La Paz, the Bolivian capital, rests in a deep valley in the heart of the Andes. The geographical terrain of the city is marked clearly with deep class divisions and the racist legacies of Spanish colonial impositions and ongoing internal colonialism, present since the founding of the republic in 1825. The indigenous peoples-over 60 percent of the population according to the 2001 census-have suffered at the bottom of a wickedly steep social hierarchy that whitens in accordance with class privilege | more…

Mexico’s Labor Movement in Transition

The Mexican labor movement has been undergoing a profound transformation in the last ten years, the result of twenty years of neoliberal economic policies and the transformation of the Mexican one-party state. A new independent labor movement has emerged which has not only broken with the old state-controlled labor-relations system, but has also put itself forward as the leader of the social movements, and, at the moment, appears as a real political force that can challenge the government. | more…

Made in Venezuela: The Struggle to Reinvent Venezuelan Labor

Last month, the National Union of Venezuelan Workers (UNT) turned two. Since its inception in May 2003, the UNT has been at the center of debates surrounding the advances of Venezuela’s revolution in the labor arena. At root, these debates turn on issues of worker control: over their factories and over their unions. Democracy is at the heart of the attempt by Venezuelan workers to reinvent a labor movement long characterized by corruption and class collaboration | more…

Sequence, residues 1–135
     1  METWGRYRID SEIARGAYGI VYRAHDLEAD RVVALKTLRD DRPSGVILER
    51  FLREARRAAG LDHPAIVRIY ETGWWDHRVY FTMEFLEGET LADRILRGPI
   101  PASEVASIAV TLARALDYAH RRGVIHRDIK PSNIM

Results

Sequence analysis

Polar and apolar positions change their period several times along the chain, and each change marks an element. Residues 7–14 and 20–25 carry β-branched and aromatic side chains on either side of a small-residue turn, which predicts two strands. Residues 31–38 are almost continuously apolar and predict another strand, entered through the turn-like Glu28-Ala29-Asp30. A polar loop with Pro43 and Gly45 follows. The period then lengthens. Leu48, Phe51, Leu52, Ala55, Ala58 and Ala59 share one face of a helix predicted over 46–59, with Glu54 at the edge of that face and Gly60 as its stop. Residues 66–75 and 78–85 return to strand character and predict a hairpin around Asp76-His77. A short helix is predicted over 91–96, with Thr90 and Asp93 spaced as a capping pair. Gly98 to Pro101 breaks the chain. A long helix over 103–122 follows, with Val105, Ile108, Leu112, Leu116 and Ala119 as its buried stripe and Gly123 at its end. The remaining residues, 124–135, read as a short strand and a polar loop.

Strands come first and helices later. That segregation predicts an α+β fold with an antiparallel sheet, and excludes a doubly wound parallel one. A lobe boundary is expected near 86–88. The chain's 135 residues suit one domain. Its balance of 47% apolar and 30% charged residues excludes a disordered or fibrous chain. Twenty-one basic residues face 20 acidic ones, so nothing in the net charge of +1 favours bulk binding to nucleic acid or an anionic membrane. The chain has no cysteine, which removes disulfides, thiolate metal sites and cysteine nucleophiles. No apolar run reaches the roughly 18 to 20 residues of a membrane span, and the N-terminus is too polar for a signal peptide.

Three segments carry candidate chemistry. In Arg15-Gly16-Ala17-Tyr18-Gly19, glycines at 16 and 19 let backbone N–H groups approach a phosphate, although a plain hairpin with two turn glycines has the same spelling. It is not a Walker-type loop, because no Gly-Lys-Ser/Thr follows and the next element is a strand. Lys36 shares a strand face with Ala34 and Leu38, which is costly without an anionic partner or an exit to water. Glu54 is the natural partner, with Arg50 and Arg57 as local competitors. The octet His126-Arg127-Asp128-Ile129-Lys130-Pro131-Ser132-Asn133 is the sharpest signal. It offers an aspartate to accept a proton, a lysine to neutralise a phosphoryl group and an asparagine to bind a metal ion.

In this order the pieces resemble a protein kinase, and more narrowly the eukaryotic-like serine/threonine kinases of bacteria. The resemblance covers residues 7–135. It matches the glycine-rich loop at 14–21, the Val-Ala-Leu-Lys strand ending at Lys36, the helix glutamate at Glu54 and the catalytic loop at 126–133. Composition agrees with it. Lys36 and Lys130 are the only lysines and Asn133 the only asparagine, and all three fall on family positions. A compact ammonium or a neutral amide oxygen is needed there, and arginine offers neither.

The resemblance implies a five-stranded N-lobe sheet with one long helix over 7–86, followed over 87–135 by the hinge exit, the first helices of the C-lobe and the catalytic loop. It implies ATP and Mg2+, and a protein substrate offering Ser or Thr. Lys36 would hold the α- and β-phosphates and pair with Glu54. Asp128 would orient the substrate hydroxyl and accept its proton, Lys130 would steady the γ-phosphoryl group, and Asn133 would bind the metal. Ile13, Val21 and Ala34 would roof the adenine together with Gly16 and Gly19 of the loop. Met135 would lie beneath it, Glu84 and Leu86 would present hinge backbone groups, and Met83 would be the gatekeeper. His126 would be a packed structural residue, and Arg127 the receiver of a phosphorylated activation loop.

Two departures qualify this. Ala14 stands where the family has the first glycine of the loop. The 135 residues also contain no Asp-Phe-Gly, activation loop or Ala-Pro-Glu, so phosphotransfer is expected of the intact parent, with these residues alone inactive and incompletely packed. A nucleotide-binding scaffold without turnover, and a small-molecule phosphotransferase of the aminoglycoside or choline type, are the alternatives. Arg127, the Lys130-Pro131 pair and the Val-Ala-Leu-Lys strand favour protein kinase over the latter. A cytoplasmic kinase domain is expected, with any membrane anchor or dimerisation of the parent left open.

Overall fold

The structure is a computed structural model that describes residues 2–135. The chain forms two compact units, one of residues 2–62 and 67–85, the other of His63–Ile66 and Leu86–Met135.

Report from Venezuela: Aluminum Workers Choose Their Managers and Increase Production

Alcasa, a state-owned aluminum processing plant in the southeastern state of Bolívar, has long been an important employer in a region where the lion’s share of Venezuela’s mining and processing plants are located. Yet since the mid-1990s it has been plagued by inefficiency and corruption. According to Trino Silva, secretary general of the union, Alcasa’s production has been in “the red” for the past sixteen years. Though the aluminum they produce is in high demand and despite considerable production increases over the past few years, the company has been unable to turn a profit. Silva blames a corrupt factory management that used Alcasa as its piggy bank throughout the 1990s, all the while holding the threat of privatization over workers’ heads. It was no idle threat. A few miles down the road, SIDOR, one of Latin America’s largest steel plants and long the pride of the state Venezuelan Corporation of Guyana (CVG), was privatized in 1997. From a workforce approaching 20,000 full-time direct employees (with several thousand more contract and temporary workers) in the late 1980s, SIDOR has downsized to only 4,000 direct employees and approximately 6,000 contract workers | more…